Restorative Dentistry

Crowns and Bridges:

Crowns cover your teeth to restore your natural, youthful smile. They can improve your smile by changing the color, size, shape, and position of your teeth. Bridges replace lost or missing teeth by using the teeth on each side of the space for support giving you a beautiful, well-balanced smile and preventing shifting and damage to your bite.

Crown and bridge treatment will replace lost or missing teeth, support remaining teeth and help you maintain optimum dental heath. This long-term solution can help prevent the cycle of problems that can occur when just one tooth is missing, such as shifting of the remaining teeth, decay, periodontal disease and bone loss.

Endodontics:

When the nerve has died or is dying, it sometimes gives off pain sensations to hot or cold stimuli, or sometimes will not cause any discomfort at all. Sometimes, a small ball or pimple on the side of the gum will form for the infection to drain into the oral cavity. This indicates that the nerve is infected and the tooth has abscessed. Things that can cause a nerve to die are: large decay that is left untreated, excessive biting or occlusal trauma/force, and large or multiple restorations in a tooth that insult the nerve. When the nerve dies, endodontic treatment, also referred to as a root canal, will need to be performed in order to save the tooth or the tooth will need to be extracted. During a root canal the dentist removes the nerve from the tooth and cleans, disinfects, and shapes the canal. The canal is then filled with a material that will seal the canal from bacteria. In the posterior teeth, after a root canal is done a crown will need to be put on the tooth to prevent it from breaking, since the tooth becomes brittle after removal of the nerve and subsequent blood supply.

Extractions:

When a nerve has died, and the patient does not want to save the tooth, it will need to be extracted from the mouth. Sometimes, a tooth can fracture or break to the point that it cannot be restored or saved and will need to be removed from the mouth. Doctors Mike and Tina Cox perform extractions regularly; however, in some cases such as impacted wisdom teeth, or if little tooth structure is left, the doctors will refer the patient to an oral surgeon to have the tooth removed.

Dental Implants:

An implant is a titanium screw that is implanted in the jaw bone in the place of a missing tooth and serves as the tooth root. It stays in the jaw bone under the gum surface anywhere from 3 to 6 months while the bone fuses to the implants surface. If the implant is in the esthetic zone, a removable temporary tooth will be made for the patient to wear during the healing period. When we get the OK from the surgeon who placed the implant, Dr. Mike or Dr. Tina will then place an abutment that screws into the top of the implant which serves as the tooth structure for a permanent crown to be cemented onto.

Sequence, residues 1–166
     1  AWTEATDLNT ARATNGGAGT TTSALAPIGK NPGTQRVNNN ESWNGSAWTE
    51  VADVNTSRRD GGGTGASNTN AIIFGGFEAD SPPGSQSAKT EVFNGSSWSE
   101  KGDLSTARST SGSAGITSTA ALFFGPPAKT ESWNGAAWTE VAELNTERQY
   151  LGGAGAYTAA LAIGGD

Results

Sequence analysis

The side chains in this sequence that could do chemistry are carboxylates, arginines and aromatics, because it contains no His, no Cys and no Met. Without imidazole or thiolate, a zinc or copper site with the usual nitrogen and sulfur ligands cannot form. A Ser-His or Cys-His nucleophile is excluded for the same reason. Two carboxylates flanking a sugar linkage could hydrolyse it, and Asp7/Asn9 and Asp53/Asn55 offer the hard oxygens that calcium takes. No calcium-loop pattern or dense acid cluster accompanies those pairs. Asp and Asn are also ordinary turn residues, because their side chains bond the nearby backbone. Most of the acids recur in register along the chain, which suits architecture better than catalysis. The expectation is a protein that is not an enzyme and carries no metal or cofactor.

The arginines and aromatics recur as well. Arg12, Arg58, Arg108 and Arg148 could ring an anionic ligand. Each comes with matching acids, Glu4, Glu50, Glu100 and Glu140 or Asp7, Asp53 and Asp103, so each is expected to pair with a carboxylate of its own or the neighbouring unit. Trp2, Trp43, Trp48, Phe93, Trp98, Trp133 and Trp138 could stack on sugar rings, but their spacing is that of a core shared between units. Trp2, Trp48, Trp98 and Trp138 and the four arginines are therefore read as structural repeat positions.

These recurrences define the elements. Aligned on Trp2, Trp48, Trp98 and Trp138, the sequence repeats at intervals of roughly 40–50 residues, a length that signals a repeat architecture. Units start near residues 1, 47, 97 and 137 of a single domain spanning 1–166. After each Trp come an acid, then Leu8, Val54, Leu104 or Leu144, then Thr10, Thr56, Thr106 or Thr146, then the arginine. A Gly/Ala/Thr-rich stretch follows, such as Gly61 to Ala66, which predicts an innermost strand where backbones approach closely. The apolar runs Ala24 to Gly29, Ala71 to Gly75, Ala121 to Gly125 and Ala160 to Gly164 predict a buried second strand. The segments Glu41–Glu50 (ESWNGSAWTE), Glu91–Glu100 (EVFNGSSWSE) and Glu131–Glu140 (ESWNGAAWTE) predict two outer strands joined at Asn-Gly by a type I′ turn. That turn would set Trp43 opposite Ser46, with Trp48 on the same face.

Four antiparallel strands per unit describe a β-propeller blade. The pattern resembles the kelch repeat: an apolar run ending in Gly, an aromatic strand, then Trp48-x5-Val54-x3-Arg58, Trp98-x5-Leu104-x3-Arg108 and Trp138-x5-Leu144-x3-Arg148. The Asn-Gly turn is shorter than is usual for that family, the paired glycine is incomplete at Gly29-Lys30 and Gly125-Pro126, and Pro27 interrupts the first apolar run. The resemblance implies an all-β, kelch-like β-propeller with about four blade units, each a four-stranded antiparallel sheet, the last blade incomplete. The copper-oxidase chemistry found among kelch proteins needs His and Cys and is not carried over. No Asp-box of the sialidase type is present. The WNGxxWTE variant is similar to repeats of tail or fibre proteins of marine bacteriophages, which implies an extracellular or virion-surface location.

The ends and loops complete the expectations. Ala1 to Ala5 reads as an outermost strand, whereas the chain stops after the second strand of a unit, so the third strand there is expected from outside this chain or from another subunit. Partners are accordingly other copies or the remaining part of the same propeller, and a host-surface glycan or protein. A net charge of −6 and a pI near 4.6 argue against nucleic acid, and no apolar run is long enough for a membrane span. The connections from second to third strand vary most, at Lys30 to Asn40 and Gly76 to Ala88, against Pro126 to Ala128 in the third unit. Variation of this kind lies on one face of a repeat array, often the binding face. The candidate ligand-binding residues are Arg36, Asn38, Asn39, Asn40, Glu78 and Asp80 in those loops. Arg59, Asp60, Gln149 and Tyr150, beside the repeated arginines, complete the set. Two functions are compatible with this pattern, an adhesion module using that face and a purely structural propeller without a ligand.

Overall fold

If a patient does not have enough bone to support an implant, a bone graft may need to be performed so that the implant has enough bone around it to become fully integrated into the jaw bone.

Implants are a wonderful, lifetime investment for your mouth, and although they can be costly initially, they do not decay and last a lifetime!

Dentures and Partial Dentures:

    Complete Denture: A full or complete denture is made of acrylic and replaces all the teeth in the mouth. It sits on the bony ridge that is left in the mouth after the teeth have been removed. It is a good alternative for patients who have no teeth, but will need to be relined and or remade periodically since the bony ridge resorbs or shrinks over time due to the absence of teeth. Regular dental visits are still vital for denture patients in order to assess the gum tissue for disease or abnormalities. If a patient does not have enough bony ridge to support a denture, dental implants may be a good option for the denture to “snap into” and may provide a more stable denture for chewing food.

    Immediate Complete Denture: A denture that is made from an impression taken while the patient still has teeth, and is then inserted at the same appointment the patient has the teeth removed. This allows the patient to not be without teeth; however, the immediate denture will become loose in 3 to 6 months and will need to be remade or relined in order to fit the new shape of the bony ridge after the swelling has subsided and the bone remodeled.

    Partial Denture: A partial is made either out of acrylic only or both acrylic and metal and is a good restorative option for patients who are partially missing teeth.

Oral Conscious Sedation:

Dental fear is a hidden phobia—the monster in the closet that no one wants to talk about. Many people are embarrassed to admit their fears and even more afraid to confront them. Often times not even loved ones are aware of their apprehension. Worse yet, these people may have never known that oral sedation dentistry was an option. Click here to learn more.